People don't go to the World Bank to look at art. Based on an hour of observation, most people who work at the World Bank have neither the time nor inclination to look at art. And for visitors, just getting at the art is difficult. Two of the marquee pieces, Close's 1990 portrait of photographer William Wegman and Paik's "WAIS Station Tower" video sculpture from 1996, with 57 monitors spewing out imagery, are displayed in the atrium lobby, which is closed to the general public. One has to get permission from bank officials to enter.
A visit might not be worth the trouble. Paik's piece, a 17-foot pyramid of TVs--WAIS stands for "Wide Area Information System"--is surrounded by circuit boards, speakers, tangled wires and flashing lights. It is one of the least captivating sculptures he's produced in recent years, a vapid, painful caricature of his own work. Close's painting is nice, but given the fact that the Hirshhorn Museum recently hosted a Close retrospective, why bother to see this particular one?
There are, however, some wonderful pieces in the section of the lobby that is accessible to the public. Analee Davis's double-sided mixed-media painting "Contemporary Middle Passage (here) and (there)" from 1997 is a beautifully painted, evocative and touching look at the cultural and economic dichotomy that affects many people from Caribbean nations. To the north, in Canada and the United States, are jobs, educational opportunities and adventure. But for Davis, a native of Barbados, the islands will always be home. One side of the painting depicts a young woman floating above a tropical setting, searching for her roots. The other shows her being swirled away in a tornado with a suitcase and an airplane.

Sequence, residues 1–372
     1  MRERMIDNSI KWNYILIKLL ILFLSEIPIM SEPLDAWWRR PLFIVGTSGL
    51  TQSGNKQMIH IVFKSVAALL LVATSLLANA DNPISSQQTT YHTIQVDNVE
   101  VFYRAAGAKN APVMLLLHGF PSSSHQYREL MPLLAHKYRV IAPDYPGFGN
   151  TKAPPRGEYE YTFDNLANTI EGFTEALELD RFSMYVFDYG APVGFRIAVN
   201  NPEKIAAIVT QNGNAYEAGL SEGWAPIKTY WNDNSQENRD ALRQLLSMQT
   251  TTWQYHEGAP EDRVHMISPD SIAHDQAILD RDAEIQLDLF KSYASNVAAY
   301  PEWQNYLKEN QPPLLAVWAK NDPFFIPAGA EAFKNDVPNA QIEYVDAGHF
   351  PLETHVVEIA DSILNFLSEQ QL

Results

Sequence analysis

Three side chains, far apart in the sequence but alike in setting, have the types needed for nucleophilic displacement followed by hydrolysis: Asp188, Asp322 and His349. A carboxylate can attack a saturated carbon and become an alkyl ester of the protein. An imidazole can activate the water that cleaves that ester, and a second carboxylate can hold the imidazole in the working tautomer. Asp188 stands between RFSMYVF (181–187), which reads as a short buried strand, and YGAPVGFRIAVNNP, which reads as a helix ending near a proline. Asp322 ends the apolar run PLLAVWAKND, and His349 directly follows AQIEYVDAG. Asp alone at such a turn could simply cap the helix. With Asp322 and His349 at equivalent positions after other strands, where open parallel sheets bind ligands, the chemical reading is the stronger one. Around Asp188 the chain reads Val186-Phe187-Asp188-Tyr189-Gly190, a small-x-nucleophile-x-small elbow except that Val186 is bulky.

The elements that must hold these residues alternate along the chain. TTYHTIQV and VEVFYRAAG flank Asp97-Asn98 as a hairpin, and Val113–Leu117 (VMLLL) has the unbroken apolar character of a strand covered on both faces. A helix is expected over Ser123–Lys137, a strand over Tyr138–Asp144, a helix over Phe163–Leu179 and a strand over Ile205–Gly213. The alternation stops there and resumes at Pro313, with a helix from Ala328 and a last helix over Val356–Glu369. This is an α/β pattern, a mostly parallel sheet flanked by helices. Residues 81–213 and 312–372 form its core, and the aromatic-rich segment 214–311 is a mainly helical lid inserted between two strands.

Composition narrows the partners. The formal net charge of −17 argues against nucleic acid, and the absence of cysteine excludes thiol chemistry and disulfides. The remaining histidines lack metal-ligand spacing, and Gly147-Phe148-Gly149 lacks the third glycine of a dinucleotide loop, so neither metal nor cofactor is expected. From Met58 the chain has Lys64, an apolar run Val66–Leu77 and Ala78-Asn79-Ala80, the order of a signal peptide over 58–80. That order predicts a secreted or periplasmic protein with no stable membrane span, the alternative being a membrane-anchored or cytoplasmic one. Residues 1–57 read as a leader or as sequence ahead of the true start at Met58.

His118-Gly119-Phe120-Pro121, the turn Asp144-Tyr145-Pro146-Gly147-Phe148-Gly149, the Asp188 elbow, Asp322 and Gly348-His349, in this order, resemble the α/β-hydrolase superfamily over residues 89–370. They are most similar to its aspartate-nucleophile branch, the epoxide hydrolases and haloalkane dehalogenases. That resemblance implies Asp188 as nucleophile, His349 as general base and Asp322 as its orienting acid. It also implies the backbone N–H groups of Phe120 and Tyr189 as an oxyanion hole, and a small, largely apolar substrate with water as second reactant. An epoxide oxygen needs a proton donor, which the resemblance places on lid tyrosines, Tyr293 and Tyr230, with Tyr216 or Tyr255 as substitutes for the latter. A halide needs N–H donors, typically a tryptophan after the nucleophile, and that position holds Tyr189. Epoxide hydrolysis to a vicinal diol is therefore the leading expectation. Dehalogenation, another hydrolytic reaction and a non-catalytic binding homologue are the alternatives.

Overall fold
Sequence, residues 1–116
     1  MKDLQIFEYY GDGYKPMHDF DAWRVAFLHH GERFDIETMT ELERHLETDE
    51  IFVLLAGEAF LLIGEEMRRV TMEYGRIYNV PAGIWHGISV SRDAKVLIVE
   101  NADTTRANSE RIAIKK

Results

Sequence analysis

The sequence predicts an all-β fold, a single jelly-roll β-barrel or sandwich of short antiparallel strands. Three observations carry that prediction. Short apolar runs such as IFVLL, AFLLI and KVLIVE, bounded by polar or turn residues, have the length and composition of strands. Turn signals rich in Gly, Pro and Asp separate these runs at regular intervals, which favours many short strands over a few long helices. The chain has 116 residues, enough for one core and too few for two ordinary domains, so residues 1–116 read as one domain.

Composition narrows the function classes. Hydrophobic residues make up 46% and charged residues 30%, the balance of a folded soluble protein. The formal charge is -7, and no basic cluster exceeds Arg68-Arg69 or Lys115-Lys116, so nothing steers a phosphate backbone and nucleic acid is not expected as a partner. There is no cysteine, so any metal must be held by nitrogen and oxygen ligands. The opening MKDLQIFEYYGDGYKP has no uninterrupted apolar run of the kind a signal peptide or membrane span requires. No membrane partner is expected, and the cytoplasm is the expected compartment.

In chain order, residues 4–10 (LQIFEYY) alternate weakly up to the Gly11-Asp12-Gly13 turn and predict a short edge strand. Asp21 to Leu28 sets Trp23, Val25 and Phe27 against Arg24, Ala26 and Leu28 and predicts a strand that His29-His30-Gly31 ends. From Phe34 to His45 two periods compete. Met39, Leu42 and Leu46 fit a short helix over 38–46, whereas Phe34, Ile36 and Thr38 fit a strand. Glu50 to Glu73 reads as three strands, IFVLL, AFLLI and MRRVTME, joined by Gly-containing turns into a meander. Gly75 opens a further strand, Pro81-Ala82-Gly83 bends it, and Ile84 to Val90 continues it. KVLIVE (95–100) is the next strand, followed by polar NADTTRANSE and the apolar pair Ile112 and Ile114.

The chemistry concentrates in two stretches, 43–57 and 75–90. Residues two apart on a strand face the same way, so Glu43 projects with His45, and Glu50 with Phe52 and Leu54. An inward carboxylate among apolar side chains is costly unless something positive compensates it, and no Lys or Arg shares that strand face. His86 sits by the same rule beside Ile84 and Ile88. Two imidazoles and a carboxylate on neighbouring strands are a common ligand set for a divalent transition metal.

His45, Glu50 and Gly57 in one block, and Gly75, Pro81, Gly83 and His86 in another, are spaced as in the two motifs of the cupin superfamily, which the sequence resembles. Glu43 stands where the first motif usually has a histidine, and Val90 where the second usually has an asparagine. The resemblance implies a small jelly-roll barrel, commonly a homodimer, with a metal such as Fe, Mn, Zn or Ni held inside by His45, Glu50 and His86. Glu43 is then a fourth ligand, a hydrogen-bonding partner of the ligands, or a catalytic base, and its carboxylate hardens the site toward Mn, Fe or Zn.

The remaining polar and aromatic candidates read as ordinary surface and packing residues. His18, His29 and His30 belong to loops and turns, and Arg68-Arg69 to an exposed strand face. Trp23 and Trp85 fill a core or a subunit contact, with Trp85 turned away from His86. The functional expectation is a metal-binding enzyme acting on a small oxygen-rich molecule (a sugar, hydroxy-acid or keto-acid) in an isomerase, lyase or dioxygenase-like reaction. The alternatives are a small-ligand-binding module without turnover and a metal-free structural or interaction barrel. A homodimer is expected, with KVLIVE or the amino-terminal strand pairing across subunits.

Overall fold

At the Art Museum of the Americas, where the bulk of the show resides, there's more to like, although how it all connects to the millennium is no clearer. Although the show's promotional material says, "Don't expect to see the political art often associated with Latin America in this exhibit," socio-political themes are to be found in every room. "Caribbean Sea" is an installation first executed in 1996 by Tony Capellan, from the Dominican Republic. It consists of numerous pairs of worn-out flip-flops neatly arranged on the floor in one corner of the room. The sandals are various shades of green and blue, evoking the tropical sea and the beaches, sun and tranquillity that draw hordes of tourists. But the straps of the sandals have been replaced with barbed wire, and they've been worn so long that some have gaping holes in their soles. That calls to mind the pain, hard work, low pay and tough lives of many of the island's people.
In this small, fast-paced world, that's still an important point to make, especially in the halls of international institutions.
Mastering the Millennium: Art of the Americas, at the World Bank, 1818 H St. NW, 10 a.m.-5 p.m., Monday-Sunday, 202-458-0333; at Organization of American States Art Museum of the Americas, 201 18th St. NW, 10 a.m.-5 p.m., Tuesday-Sunday, 202-458-6016, through Aug. 9.
CAPTION: Nam June Paik's "WAIS Station Tower" video sculpture, with 57 monitors.
CAPTION: "Caribbean Sea," by Tony Capellan, consists of worn-out flip-flops with barbed-wire straps.